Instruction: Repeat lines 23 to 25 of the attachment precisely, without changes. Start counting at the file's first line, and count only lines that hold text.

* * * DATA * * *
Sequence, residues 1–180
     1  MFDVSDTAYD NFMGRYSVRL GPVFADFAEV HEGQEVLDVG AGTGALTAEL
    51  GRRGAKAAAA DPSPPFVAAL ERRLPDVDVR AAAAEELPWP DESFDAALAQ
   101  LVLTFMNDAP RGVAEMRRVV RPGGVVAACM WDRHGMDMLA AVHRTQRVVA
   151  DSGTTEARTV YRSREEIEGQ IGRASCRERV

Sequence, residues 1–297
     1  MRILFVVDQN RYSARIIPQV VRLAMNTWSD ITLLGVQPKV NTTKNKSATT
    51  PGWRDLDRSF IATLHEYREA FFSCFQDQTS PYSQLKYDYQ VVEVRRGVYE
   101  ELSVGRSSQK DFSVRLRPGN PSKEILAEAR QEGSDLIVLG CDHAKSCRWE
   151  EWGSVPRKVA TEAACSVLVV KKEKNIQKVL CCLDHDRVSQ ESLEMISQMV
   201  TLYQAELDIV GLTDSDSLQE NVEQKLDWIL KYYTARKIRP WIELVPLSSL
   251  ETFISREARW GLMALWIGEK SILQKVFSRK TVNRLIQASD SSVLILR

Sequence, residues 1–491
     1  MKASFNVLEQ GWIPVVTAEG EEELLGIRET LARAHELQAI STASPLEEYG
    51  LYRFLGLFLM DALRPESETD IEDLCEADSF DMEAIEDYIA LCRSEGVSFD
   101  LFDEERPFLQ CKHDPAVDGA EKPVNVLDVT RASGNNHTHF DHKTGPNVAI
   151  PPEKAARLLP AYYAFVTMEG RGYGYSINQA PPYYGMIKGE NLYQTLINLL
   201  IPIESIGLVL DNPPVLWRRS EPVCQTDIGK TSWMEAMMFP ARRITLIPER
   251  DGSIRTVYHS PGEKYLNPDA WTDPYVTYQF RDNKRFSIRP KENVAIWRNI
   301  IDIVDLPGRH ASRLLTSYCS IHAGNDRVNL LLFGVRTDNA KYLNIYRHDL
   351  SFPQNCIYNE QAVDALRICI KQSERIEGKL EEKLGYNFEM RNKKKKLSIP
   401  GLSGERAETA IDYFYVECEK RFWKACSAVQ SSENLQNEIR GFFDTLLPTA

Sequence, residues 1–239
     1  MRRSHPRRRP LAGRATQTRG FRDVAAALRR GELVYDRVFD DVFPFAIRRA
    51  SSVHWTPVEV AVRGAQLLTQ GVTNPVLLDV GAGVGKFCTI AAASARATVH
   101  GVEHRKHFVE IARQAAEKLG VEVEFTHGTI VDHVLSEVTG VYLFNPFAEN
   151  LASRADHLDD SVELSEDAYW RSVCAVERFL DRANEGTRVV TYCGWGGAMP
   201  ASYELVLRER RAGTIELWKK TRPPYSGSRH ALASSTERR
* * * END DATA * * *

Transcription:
Sequence, residues 1–239
     1  MRRSHPRRRP LAGRATQTRG FRDVAAALRR GELVYDRVFD DVFPFAIRRA
    51  SSVHWTPVEV AVRGAQLLTQ GVTNPVLLDV GAGVGKFCTI AAASARATVH